"There are three SCA groups in Melbourne, re-creating a living history of medieval combat, music, calligraphy, clothes and feasting, including inner-metropolitan’s Barony of Stormhold ....... There are a few other re-enactment groups in Melbourne, including the New Varangian Guard, La Trobe Medieval Society and Order of the Crown. "

SCA - Australia
New Varangian Guard
ARLHO - Australasian Register of Living History Organisations
Order of the Crown

"Medieval Imagination"

The State Library of Victoria (Australia) is playing host over the next few months, to some of the world's most unique medieval manuscripts.

Manuscripts have been collected from the collections based at Cambridge University. Over 90 manuscripts will feature - coming from such places as England, France, Germany, Italy and Spain.

The exhibition will feature five sections: The Bible, The Book and Church Services (Liturgical services and rituals), The Personal Prayer Book (Books of Hours and Psalters), The Book and Knowledge, and The Book and the Renaissance.

There will be featured talks, guided tours, medieval sacred music, and the medieval faire (20th April).

Carmel Bird from Melbourne's "The Age" newspaper has written an excellent article on this event: "Hundreds of years ago, hundreds of people, most of whom are unknown, worked for untold hundreds of hours to produce the texts, images and decorations and to construct the books that they formed ...... To move through the exhibits, to gaze at the glowing detail of the pages, can be to experience a kind of meditation. "

Visit: State Library of Victoria - Medieval Imagination

Saturday, April 5, 2008

Beatrice De Cardi

The World's Oldest Archaeologist

In an article for The Independent, Jonathan Brown had this to say:
"At 93, Miss De Cardi can lay claim to being the world's oldest practising archaeologist. An expert on the pre-Islamic history of the Lower Arabian Gulf states and the civilisations of her beloved Baluchistan, she is part-Indiana Jones, part-Miss Marple. Her life is an extraordinary testament to a woman whose intense motivation has never left her. One who steadfastly refused to compromise in what was – and many argue still is – an avowedly man's world."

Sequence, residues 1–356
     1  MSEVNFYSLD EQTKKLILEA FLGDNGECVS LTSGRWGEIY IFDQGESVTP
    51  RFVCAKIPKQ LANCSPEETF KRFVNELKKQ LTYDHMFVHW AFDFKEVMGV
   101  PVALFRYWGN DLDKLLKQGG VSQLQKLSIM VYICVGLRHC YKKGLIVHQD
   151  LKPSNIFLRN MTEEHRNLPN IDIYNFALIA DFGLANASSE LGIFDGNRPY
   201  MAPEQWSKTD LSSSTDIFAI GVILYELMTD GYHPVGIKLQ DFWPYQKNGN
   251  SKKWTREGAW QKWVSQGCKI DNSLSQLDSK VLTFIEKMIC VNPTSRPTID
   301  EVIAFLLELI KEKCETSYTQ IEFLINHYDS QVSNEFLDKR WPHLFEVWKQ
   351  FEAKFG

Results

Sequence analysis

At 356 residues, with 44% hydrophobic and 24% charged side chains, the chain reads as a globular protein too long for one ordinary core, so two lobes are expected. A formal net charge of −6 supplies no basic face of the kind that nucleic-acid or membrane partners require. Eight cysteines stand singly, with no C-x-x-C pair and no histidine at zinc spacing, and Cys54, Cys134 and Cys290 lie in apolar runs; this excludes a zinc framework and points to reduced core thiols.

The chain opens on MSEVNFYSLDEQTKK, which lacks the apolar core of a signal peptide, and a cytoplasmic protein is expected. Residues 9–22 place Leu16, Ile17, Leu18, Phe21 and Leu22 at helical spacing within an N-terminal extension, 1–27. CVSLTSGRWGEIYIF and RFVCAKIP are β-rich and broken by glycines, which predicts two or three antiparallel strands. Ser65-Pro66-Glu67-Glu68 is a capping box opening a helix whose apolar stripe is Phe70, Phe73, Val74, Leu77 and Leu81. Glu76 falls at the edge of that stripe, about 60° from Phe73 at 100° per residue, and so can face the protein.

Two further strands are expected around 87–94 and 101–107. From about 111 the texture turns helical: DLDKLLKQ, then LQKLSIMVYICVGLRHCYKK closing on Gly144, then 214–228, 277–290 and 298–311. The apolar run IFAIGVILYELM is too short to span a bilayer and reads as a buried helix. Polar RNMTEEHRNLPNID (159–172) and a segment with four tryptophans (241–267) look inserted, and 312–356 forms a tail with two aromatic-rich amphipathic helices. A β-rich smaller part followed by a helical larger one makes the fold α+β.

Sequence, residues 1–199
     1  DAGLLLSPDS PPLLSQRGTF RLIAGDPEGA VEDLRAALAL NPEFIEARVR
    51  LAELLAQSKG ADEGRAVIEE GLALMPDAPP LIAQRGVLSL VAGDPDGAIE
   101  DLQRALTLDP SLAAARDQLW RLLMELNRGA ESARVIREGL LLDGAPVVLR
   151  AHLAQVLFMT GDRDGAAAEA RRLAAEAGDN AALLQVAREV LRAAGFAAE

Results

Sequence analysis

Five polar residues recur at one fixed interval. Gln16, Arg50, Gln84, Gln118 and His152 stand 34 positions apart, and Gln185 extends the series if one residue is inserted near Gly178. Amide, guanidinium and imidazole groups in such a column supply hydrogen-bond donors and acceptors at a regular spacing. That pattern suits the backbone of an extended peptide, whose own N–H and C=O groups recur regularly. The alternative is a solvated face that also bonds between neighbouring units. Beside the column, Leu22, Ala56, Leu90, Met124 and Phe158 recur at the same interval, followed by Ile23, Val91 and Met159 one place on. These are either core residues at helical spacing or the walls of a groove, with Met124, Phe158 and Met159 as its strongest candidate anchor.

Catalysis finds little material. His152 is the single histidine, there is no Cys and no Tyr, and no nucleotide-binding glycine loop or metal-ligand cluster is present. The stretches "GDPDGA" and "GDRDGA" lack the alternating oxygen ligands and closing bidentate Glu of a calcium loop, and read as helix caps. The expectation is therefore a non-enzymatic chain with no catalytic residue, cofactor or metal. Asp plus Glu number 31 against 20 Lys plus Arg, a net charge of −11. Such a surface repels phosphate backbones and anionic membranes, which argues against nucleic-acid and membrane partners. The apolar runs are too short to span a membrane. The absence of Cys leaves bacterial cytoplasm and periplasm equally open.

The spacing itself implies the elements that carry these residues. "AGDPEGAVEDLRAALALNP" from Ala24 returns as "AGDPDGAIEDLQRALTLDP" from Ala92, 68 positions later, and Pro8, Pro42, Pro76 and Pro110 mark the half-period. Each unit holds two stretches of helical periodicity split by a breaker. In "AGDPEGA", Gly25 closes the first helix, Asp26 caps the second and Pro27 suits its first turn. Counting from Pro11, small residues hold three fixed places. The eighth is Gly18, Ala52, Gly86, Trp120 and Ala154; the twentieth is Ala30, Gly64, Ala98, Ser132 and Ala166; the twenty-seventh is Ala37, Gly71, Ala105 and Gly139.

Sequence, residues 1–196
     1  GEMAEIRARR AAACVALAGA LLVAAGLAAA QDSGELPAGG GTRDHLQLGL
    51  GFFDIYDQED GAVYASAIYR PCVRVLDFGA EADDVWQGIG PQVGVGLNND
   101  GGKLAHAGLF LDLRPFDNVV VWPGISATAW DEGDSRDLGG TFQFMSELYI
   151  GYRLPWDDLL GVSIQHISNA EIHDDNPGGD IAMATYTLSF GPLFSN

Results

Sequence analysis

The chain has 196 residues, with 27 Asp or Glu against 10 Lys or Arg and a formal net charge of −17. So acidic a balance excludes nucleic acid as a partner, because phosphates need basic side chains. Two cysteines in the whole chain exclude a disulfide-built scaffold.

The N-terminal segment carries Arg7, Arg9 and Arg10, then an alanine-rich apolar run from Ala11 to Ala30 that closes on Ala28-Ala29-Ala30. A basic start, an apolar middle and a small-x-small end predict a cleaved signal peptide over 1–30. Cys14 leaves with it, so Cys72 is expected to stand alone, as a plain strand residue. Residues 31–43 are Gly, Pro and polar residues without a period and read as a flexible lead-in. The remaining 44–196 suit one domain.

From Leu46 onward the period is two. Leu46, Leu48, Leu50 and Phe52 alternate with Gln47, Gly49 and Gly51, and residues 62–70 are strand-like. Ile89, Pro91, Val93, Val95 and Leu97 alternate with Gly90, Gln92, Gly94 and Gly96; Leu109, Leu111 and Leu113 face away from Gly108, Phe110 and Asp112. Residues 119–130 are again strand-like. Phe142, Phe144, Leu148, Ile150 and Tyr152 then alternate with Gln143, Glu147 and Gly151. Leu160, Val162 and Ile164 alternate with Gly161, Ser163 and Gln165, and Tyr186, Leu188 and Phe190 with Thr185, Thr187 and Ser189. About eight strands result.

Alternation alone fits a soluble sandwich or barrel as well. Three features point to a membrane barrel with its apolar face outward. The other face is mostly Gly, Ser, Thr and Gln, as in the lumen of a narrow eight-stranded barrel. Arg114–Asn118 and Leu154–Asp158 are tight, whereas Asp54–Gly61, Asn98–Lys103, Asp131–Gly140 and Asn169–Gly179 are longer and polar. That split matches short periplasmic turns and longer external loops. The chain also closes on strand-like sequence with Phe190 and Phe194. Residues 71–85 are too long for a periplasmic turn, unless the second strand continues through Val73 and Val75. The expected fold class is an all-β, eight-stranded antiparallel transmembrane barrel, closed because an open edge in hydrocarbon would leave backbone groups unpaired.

Brown goes on further to describe this pioneering woman, whose exploits would have made for "edge-of-your-seat" reading:
"She describes a pioneering time, fraught with peril. "We camped out sharing a water channel with a pack of wild dogs who raced past our tent to drink twice daily," she said. "At night the howls of wolves in the adjacent hills served as a reminder that Baluchistan was a wild and dangerous place. The impression gained substance when we moved back to Surab and were not allowed to camp at Siah-damb on account of a djinn [spirit] greatly feared by our workmen. I suspected a more material power and accepted a revolver lent by the local official."

In 1960 the region was closed to foreigners and Miss De Cardi was forced to approach from the Iranian side at Bampur. Finds here led her to the lower Gulf, now part of the United Arab Emirates. In the northernmost state Ras al-Khaimah, she discovered lost tombs now obliterated by new motorways funded by the petrodollar billions. Eventually she was forced to quit the country because of encroaching hostilities. But not before she had come to the attention of the emirate's ruler and later that of the government of Qatar, who asked her to lead an expedition charting the country "from Stone Age to Oil Age", something she was required to do in just 10 weeks.

Miss De Cardi, who never married, continues to travel to the region each year to catalogue new finds at the national museums she was instrumental in founding."

Whilst Beatrice's adventures may not have created the headlines that Carter's discovery of Tut's Tomb generated, her work in the Middle East was just as significant. Beatrice has written many articles of Antiquity and Archaeological resources, and is a well respected and honoured member of the Archaeological community.

Further Reading:


- Women in Archaeology


- "Excavating Women: A History of Women in European Archaeology" Edited by Margarita Diaz-Andreu and Marie Louise Stig-Sorensen (Routledge 1998)

- "Breaking Ground: Pioneering Women Archaeologists" Edited by Getzel M. Cohen and Martha Sharp Joukowsky

Pearl Cornioley

WW2 heroine, Pearl Cornioley has made news again. Following her death in February 2008, Pearl's wartime records are being released by the British National Archives on Monday 7th April 2008.

According to the article in the Telegraph, Pearl ".....became one of the most illustrious members of the Special Operations Executive - set up to foster resistance to the Germans across Europe during the Second World War - after being parachuted into occupied France. Taking control of 1,500 resistance fighters, she led a number of daring attacks on the Germans and boasted of capturing 18,000 enemy troops."

The International Herald Tribune had this to say:
"She escaped France before the Nazi invasion and returned to Britain via Spain. Upon returning to Britain, she worked briefly at the Air Ministry in London but used her French to gain a slot as a Special Operations Executive agent — one of about 40 women to serve. The Air Ministry became part of the Ministry of Defense in the 1960s while the Special Operations Executive evolved into the Secret Intelligence Service, known as MI6. Early in her training with the Special Operations Executive, supervisors noted that she lacked the natural moxie to excel as an agent, but she compensated with her social nature, innate skill with weapons and useful memory."

Read the Women of History post "Pearl Cornioley Honoured" from February 2008.